Priya Balachandran, Leonard Dragone, Lynne Garrity-Ryan, Armando Lemus, Arthur Weiss, Joanne Engel
Enteropathogenic E. coli (EPEC) is a major cause of infantile diarrhea, but the pathophysiology underlying associated diarrhea is poorly understood. We examined the role of the luminal membrane Cl–/OH– exchange process in EPEC pathogenesis using in vitro and in vivo models. Cl–/OH– exchange activity was measured as OH– gradient–driven 36Cl– uptake. EPEC infection (60 minutes–3 hours) inhibited apical Cl–/OH– exchange activity in human intestinal Caco-2 and T84 cells. This effect was dependent upon the bacterial type III secretory system (TTSS) and involved secreted effector molecules EspG and EspG2, known to disrupt the host microtubular network. The microtubule-disrupting agent colchicine (100 μM, 3 hours) also inhibited 36Cl– uptake. The plasma membrane expression of major apical anion exchanger DRA (SLC26A3) was considerably reduced in EPEC-infected cells, corresponding with decreased Cl–/OH– exchange activity. Confocal microscopic studies showed that EPEC infection caused a marked redistribution of DRA from the apical membrane to intracellular compartments. Interestingly, infection of cells with an EPEC mutant deficient in espG significantly attenuated the decrease in surface expression of DRA protein as compared with treatment with wild-type EPEC. EPEC infection in vivo (1 day) also caused marked redistribution of surface DRA protein in the mouse colon. Our data demonstrate that EspG and EspG2 play an important role in contributing to EPEC infection–associated inhibition of luminal membrane chloride transport via modulation of surface DRA expression.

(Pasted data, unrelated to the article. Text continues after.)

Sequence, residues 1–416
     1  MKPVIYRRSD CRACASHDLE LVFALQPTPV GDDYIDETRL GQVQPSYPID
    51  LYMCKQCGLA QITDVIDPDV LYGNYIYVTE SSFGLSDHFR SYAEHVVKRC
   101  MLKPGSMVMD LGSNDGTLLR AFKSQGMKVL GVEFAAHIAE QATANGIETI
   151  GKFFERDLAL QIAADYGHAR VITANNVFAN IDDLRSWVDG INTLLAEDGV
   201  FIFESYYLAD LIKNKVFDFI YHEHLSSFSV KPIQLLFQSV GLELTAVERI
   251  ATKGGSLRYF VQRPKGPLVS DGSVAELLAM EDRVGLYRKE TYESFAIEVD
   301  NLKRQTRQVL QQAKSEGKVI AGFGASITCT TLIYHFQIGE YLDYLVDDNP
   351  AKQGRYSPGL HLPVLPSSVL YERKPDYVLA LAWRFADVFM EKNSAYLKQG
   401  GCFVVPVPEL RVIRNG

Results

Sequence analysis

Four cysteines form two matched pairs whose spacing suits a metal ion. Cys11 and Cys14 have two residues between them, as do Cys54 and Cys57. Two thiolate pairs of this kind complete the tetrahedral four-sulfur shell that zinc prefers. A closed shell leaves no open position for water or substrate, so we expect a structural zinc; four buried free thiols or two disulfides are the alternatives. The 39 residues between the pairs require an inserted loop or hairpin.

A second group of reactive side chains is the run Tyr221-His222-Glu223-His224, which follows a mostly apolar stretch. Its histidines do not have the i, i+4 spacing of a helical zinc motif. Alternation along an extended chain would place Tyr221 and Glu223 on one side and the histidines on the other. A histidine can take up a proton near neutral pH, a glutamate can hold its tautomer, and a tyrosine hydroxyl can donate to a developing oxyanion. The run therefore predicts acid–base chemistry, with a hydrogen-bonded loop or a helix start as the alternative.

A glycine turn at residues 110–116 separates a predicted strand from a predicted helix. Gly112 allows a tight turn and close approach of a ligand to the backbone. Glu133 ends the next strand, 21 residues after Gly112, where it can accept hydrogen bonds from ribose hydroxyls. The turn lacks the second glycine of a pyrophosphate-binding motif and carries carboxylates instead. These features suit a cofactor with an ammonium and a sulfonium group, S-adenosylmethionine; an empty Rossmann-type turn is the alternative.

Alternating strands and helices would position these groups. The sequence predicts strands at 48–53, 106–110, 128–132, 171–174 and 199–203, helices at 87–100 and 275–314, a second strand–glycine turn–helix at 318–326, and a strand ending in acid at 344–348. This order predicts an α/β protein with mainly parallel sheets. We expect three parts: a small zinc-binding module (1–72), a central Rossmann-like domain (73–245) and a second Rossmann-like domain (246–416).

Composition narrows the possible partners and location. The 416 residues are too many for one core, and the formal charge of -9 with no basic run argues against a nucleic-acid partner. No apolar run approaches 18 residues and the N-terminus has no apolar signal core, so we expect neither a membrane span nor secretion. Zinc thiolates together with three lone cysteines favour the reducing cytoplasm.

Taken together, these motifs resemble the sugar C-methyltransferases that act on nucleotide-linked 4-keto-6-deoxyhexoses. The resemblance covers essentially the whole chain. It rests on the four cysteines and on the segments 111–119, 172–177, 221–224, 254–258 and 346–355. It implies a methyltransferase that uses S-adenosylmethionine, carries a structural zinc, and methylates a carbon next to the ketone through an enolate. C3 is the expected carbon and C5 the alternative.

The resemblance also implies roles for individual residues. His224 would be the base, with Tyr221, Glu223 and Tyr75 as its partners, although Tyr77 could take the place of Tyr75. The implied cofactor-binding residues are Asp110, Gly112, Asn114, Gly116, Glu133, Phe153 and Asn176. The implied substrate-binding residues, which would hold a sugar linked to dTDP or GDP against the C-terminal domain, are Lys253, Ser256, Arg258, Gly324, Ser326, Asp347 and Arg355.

Ravinder K. Gill, Alip Borthakur, Kim Hodges, Jerrold R. Turner, Daniel R. Clayburgh, Seema Saksena, Ayesha Zaheer, Krishnamurthy Ramaswamy, Gail Hecht, Pradeep K. Dudeja
Grace Soong, Amanda Muir, Marisa I. Gomez, Jonathan Waks, Bharat Reddy, Paul Planet, Pradeep K. Singh, Yukihiro Kanetko, Matthew C. Wolfgang, Yu-Shan Hsiao, Liang Tong, Alice Prince
Increasing multidrug resistance in Enterococcus faecalis, a nosocomial opportunist and common cause of bacterial endocarditis, emphasizes the need for alternative therapeutic approaches such as immunotherapy or immunoprophylaxis. In an earlier study, we demonstrated the presence of antibodies in E. faecalis endocarditis patient sera to recombinant forms of 9 E. faecalis cell wall–anchored proteins; of these, we have now characterized an in vivo–expressed locus of 3 genes and an associated sortase gene (encoding sortase C; SrtC). Here, using mutation analyses and complementation, we demonstrated that both the ebp (encoding endocarditis and biofilm-associated pili) operon and srtC are important for biofilm production of E. faecalis strain OG1RF. In addition, immunogold electron microscopy using antisera against EbpA–EbpC proteins as well as patient serum demonstrated that E. faecalis produces pleomorphic surface pili. Assembly of pili and their cell wall attachment appeared to occur via a mechanism of cross-linking of the Ebp proteins by the designated SrtC. Importantly, a nonpiliated, allelic replacement mutant was significantly attenuated in an endocarditis model. These biologically important surface pili, which are antigenic in humans during endocarditis and encoded by a ubiquitous E. faecalis operon, may be a useful immunotarget for studies aimed at prevention and/or treatment of this pathogen.
Sreedhar R. Nallapareddy, Kavindra V. Singh, Jouko Sillanpää, Danielle A. Garsin, Magnus Höök, Stanley L. Erlandsen, Barbara E. Murray